Besides upgraded artillery, the report also highlights the proposed acquisition and upgrades of tanks, UAVs (Unmanned Aerial Vehicles) and 300 helicopters for Army Aviation. India’s obsolescent air defence systems also provide major opportunities to foreign vendors.

Navy and Coast Guard 

Deloitte-CII note that naval acquisitions are earmarked for a greater degree of indigenisation than the other services. Foreign shipbuilders are pointed to opportunities for modernising Indian shipyards to enable them to produce large, advanced battleships. By 2022, the Indian Navy plans to have a 160-plus ship Navy, including three aircraft carriers, 60 major combatants (including submarines) and about 400 aircraft of different types.

The report highlights the Indian Navy’s “Indigenisation Plan (2008)”, which forecasts a requirement for marine engineeringequipment, including gas turbines, diesel generators, pressure cylinders, hydraulic manipulators and motors.

Furthermore, India’s Coast Guard, which is 70 per cent short of its requirements, plans to double its assets in the next few years and triple them over a decade. Its current fleet of 76 ships and 45 aircraft is likely to be ramped up in five years to 217 ships and 74 aircraft. Some 70 of these new ships would be large vessels.


The report notes that India is struggling to indigenise aerospace production. Historically d0ependent upon Russia, the Indian Air Force (IAF) is looking to diversify its vendor base for combat and transport aircraft, providing major opportunities for aerospace firms


* 280 Sukhoi-30MKI fighters, worth $9.9 billion.
* 126 medium fighters (to replace the MiG-21) for $9.09 billion.
* 120 indigenous Tejas light combat aircraft (LCA), for which an additional $1.71 billion has been allotted.
* Advanced and intermediate jet trainer aircraft.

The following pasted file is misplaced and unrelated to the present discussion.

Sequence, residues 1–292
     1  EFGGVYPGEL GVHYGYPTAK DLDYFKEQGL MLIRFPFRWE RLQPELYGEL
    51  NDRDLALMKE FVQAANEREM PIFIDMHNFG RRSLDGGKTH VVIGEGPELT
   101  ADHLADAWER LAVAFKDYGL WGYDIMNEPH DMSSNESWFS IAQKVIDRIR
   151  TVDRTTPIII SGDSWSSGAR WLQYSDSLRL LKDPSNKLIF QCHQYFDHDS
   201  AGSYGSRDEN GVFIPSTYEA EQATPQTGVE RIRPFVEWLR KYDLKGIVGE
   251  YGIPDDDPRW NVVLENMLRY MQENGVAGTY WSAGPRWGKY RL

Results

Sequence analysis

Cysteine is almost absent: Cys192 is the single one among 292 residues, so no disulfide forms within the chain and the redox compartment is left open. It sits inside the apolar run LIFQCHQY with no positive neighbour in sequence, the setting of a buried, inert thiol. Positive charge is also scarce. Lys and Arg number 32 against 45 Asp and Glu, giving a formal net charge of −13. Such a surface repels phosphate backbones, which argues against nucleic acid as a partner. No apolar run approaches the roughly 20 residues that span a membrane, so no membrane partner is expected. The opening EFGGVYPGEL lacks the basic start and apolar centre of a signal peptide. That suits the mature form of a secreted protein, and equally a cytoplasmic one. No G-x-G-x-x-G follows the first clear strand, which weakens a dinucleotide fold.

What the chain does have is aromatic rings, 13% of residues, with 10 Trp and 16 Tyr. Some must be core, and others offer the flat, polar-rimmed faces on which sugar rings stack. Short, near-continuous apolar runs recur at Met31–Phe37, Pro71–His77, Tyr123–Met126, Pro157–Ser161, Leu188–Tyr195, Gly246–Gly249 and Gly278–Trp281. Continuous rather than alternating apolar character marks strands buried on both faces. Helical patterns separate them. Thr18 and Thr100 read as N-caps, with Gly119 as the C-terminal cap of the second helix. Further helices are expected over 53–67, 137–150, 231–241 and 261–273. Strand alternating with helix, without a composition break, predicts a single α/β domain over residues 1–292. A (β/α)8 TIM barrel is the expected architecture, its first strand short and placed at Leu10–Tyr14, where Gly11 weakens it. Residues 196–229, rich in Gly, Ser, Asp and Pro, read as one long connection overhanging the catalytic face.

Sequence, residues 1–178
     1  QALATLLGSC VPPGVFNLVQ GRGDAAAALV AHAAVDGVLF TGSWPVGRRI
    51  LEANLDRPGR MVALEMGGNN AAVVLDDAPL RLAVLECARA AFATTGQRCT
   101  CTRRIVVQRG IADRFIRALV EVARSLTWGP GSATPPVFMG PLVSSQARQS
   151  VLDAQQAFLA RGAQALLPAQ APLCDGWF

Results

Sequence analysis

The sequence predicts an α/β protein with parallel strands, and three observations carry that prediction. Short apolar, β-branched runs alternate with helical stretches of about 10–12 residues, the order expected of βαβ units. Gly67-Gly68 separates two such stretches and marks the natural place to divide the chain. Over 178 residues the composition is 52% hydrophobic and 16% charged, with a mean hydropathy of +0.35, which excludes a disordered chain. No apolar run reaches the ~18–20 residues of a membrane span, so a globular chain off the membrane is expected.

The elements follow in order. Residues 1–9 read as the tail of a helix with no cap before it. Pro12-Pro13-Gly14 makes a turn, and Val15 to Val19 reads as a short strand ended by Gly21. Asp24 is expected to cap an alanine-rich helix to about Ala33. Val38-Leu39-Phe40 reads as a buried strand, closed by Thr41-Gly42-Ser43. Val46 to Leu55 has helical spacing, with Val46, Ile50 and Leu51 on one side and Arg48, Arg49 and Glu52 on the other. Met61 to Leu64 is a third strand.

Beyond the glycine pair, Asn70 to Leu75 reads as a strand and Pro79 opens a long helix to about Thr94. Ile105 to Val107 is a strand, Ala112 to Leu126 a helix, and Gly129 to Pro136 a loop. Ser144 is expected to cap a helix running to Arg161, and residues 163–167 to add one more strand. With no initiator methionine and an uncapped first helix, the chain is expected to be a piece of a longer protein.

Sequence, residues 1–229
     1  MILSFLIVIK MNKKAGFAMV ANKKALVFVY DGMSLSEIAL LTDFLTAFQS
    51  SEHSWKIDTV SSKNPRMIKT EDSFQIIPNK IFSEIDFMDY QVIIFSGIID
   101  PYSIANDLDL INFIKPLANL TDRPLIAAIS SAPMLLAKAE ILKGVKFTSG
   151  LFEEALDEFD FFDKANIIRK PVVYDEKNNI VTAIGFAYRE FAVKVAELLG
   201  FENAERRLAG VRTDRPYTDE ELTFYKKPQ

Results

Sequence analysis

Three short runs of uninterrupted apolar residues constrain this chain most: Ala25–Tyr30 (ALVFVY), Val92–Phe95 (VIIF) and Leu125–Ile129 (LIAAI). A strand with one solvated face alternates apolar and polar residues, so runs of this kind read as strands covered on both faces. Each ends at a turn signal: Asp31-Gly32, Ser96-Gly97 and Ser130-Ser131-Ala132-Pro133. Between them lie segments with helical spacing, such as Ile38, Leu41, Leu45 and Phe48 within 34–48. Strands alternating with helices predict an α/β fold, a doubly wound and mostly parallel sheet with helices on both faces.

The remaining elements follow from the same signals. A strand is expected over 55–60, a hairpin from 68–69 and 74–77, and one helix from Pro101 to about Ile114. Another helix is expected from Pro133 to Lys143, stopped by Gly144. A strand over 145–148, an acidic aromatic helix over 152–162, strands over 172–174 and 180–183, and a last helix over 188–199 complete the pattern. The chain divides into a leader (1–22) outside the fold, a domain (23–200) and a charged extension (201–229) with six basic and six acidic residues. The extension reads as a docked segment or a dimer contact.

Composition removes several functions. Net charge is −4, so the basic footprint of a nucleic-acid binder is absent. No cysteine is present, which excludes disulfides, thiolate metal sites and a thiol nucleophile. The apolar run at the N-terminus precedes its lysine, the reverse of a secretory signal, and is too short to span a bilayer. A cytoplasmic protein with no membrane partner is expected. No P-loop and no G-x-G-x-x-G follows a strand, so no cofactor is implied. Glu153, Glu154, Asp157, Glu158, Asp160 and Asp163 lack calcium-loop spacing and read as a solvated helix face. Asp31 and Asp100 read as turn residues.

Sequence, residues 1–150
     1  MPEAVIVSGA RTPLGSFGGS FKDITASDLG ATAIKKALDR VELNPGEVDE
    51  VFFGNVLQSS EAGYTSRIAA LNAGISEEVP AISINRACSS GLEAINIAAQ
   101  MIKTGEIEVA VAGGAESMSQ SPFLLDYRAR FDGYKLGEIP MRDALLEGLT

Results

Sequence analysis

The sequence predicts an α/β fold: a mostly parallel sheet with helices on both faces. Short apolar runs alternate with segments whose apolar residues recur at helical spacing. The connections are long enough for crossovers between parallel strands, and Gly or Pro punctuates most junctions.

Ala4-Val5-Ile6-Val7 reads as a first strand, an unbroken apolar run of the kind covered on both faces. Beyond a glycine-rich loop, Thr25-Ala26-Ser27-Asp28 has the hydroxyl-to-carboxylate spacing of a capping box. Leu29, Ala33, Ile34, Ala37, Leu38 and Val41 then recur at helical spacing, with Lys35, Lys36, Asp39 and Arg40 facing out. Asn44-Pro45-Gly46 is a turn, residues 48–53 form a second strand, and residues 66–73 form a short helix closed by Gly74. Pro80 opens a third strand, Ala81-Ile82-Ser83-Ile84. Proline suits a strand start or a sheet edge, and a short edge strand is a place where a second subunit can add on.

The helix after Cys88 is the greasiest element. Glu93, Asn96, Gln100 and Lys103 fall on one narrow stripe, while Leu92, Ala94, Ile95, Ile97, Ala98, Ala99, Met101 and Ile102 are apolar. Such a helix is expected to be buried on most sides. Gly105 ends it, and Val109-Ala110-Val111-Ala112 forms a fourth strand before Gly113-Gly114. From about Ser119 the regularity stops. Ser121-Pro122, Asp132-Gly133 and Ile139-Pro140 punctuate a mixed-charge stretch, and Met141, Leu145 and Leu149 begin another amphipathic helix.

* The Indo-Russian Fifth Generation Fighter, with an estimated development cost of $9.9 billion.
* Upgrades to more than 60 MiG, Jaguar and Mirage aircraft.


  1. India's defence procurement programme has remained more hype than reality for nearly five years. Sure, it is an invitability, but the term of inevitability is important to an early development of indigenous defence industry. With most of the capex budget going to pay for old purchases, there is not going to be much for the new arsenal anytime soon. But then, hope is eternal.

  2. This is great news.

    Atleast by the next decade we will be having modern weapon systems.

  3. yeah, which will be ready to go obsolete by next decade , innovating and using new technology in house is the key. We have the largest force of engineers in the world and yet we are not self reliant in any field

  4. Yeah we will continue to buy systems whilst china and Pakistan are learning to make them. Seems like jf-17 will even be going to Farnbrough airshow this year. Where is the much vaunted LCA?

  5. On paper all this looks good but the ground reality is starkly different. It takes decades of toiling before we even get to the trial stage. Also it is probably more profitable and easier for the dpsus to just assemble the imported skd than build their own.

  6. More arms spending does not mean better military effectiveness. In other words, do we need to give more priority for organizational revolution within the services that would catapult India in to a truly modern military power knowing our sluggish defense purchases and slow technology creation. Could you throw more light in this? Thanks.

    - Nikhil